Are the new CDM Regulations an improvement? asks Dr Khalid Bhutto (FCIOB), director at health and safety consultancy SafeScope.
Following an extended period of speculation and delays, the new Construction Design and Management Regulations (CDM 2015) are finally coming into force on 6 April 2015.
As expected, the CDM coordinator role has been scrapped and a new principal designer role has been introduced. This has been on the cards for some time as the role has effectively become a bureaucratic exercise and many construction clients struggle to see any tangible benefits from it.
The need for bringing the CDM Regulations more inline with the relevant European Directive has resulted in the new regulations becoming applicable in full on practically all construction projects, regardless of size and duration. Moreover, the HSE appears to be under pressure to make the regulations simpler and easier to apply for the benefit of small construction-related businesses.
The question now arises whether the new regulations, as laid before parliament on 29 February 2015, have achieved the above objectives.
Analysis of the CDM Regulations 2015 in their current form suggests that to protect domestic clients from criminal liability, the HSE has unwittingly made the regulations more difficult to understand and apply compared to the 2007 regulations.
SafeScope is running a number of CDM 2015 awareness seminars. Please see details here
The threshold for clients to make the principal designer and principal contractor appointments now relies on the number of contractors appointed for the project instead of previous mainly duration based notification requirements.
In practice, this means almost all construction projects will require the above appointments, except for minor maintenance projects where no more than one contractor is required.
The situation will become more complex in the case of domestic client projects. If the client fails to make the principal designer and principal contractor appointments then the main designer and the main contractor will have to take on these roles by default. This potentially opens the door for undue and, on occasion, unsolicited legal liability for designers and contractors, which they may not have agreed any remuneration for. There will be non-standard project scenarios where these liabilities may be imposed on designers and contractors without their knowledge.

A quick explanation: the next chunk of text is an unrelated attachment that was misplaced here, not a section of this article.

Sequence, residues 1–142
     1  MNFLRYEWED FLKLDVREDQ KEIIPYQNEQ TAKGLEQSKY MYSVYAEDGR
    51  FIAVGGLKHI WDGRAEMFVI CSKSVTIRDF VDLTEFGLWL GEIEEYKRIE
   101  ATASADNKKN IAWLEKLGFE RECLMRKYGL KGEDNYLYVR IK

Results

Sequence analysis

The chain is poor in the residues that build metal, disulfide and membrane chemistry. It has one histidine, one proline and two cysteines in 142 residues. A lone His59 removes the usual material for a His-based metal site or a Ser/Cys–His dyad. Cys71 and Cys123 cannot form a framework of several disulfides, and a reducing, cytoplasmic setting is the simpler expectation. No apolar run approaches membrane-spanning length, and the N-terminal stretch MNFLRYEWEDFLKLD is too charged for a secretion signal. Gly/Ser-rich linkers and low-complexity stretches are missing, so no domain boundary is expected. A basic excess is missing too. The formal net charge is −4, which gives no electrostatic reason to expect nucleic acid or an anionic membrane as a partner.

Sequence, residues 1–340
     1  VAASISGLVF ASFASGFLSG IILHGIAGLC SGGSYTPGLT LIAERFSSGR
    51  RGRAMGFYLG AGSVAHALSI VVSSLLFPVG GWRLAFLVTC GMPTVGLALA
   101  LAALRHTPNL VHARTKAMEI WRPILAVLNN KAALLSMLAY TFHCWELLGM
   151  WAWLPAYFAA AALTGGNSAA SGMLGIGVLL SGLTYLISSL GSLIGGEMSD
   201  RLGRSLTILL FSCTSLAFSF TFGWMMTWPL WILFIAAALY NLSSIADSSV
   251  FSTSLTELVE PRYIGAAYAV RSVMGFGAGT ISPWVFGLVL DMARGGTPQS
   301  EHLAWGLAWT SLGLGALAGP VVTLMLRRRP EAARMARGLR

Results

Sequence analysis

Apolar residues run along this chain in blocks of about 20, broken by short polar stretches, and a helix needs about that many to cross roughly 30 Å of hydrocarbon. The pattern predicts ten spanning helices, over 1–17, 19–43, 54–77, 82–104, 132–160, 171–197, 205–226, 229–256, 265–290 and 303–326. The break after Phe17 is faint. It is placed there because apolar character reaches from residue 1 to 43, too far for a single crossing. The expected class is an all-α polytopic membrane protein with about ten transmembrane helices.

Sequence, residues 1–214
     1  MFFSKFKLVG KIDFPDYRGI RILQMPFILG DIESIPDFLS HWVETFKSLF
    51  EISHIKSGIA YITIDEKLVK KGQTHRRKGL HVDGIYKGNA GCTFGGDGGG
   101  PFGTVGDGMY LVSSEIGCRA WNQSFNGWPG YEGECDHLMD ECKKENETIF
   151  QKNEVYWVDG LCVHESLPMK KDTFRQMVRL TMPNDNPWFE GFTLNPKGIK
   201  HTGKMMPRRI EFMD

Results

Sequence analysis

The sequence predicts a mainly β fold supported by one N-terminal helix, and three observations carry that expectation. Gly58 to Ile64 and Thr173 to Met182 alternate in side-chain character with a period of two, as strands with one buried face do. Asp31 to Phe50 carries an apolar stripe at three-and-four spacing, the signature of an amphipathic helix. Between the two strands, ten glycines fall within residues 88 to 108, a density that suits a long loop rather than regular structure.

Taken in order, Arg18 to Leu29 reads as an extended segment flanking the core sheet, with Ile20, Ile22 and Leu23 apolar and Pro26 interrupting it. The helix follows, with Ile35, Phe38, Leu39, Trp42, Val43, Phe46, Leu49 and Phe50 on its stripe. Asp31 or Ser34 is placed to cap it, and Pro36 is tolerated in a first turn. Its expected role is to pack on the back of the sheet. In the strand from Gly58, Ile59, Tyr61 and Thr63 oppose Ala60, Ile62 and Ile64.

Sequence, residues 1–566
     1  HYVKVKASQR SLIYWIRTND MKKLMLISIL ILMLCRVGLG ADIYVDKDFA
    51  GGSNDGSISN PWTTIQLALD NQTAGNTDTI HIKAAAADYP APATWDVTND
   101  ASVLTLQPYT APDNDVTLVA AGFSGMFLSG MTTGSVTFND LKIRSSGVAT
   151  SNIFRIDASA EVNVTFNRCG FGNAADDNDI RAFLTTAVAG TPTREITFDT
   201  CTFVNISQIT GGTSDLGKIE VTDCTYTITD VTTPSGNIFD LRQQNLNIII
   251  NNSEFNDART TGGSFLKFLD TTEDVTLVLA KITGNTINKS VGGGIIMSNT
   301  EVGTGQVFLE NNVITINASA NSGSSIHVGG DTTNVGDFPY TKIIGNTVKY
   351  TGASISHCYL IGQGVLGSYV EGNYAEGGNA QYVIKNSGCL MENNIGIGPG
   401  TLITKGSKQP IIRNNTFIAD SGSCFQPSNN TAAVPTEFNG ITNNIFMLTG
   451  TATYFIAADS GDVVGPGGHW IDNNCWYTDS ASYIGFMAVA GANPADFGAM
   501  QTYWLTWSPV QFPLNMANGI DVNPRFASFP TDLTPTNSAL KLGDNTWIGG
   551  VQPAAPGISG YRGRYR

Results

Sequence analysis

There may be a perception that the Principal Designer role is a replacement of the CDM coordinator role, however, the two roles are not the same. Though the Principal Designer duties are not as extensive as the CDM coordinator duties, they are more involved and onerous – Principal Designers will carry more responsibility for health and safety aspects of the design.
Under CDM 2007, the client on a construction project also had more protection from legal liability, provided they had appointed a CDM coordinator. They have now been left with a number of legal duties to fulfil, even after principal designer and principal contractor appointments, without any clear understanding or clarification as to who will assist them to fulfil these duties.
Small construction contractors, who previously may have never been involved in the principal contractor role, will now be frequently required to assume this role and, for domestic client projects, also fulfil the client duties. They have not been given enough time to become fully aware and ready to take such legal responsibilities.
While the new CDM Regulations help remove a perceived ineffective CDM coordinator role, their application does not appear to be easy to understand. There are a number of areas which could potentially lead to unfulfilled legal responsibilities on clients, designers and contractors.
I believe that there is a need in the industry for a better awareness and understanding of the CDM Regulations 2015 to ensure a successful and smooth transition from 6 April 2015.
Dr Khalid Bhutto FCIOB is a director of specialist health and safety consultancy SafeScope